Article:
On the other hand, economists surveyed by Reuters project that Thailand experienced 1.4 per cent seasonally adjusted quarterly growth in the first few months of 2019. While this figure hasn't been confirmed by Thai government statisticians, it would represent the fastest quarter-on-quarter growth seen since the beginning of 2018.
The U.S. economy saw another outstanding month for job growth in April 2019. According to that month's edition of the Employment Situation Survey compiled and issued by the Bureau of Labor Statistics, American payroll organizations added 263,000 new positions during April. This figure, massive by any standard, exceeded March's revised figure of 189,000 jobs added (down from an initial estimate of 196,000) by more than 70,000 positions. It also came in ahead of the economists' poll conducted each month by Reuters, which had predicted a gain of 185,000 jobs for April. (Bloomberg didn't report its poll's estimate, but confirmed it was well below the BLS's figure.)
Professional and business services, construction and healthcare led American industries in employment expansion during April, with the former accounting for 76,000 jobs alone. Additionally, the unemployment rate fell to 3.6 per cent, which, per The Washington Post, is a low not seen since 1969.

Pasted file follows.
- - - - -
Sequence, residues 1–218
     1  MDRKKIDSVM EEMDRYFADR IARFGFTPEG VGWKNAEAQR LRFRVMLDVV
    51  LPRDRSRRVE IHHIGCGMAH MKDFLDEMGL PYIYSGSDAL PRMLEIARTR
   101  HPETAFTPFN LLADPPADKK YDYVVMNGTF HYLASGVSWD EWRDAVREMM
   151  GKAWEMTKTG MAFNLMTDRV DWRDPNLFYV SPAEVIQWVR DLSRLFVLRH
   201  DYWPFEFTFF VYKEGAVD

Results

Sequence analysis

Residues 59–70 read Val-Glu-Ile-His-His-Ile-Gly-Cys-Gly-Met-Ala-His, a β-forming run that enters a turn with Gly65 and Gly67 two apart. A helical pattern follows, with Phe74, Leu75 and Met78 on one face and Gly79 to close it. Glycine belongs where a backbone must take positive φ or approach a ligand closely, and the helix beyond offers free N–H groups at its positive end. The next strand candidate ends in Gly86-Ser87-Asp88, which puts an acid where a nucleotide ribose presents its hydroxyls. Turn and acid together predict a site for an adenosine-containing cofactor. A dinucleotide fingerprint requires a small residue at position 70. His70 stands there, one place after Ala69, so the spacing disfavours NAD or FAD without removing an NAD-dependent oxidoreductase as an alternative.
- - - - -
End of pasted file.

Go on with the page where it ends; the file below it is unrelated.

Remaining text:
Wages didn't grow quite as expected during April, coming in at 0.2 per cent month-to-month and 3.2 per cent year-over-year - both exactly the same as March. Reuters also noted that some of the unemployment decline stemmed from people leaving the labor force entirely. Additionally, some analysts believe the ongoing tension over trade between the U.S. and China - which shows little signs of abating, on either side, as of mid-May - will eventually become unsustainable and boil over into more serious conflict if the trade dispute continues to collaterally damage the global economy, as The Economist noted.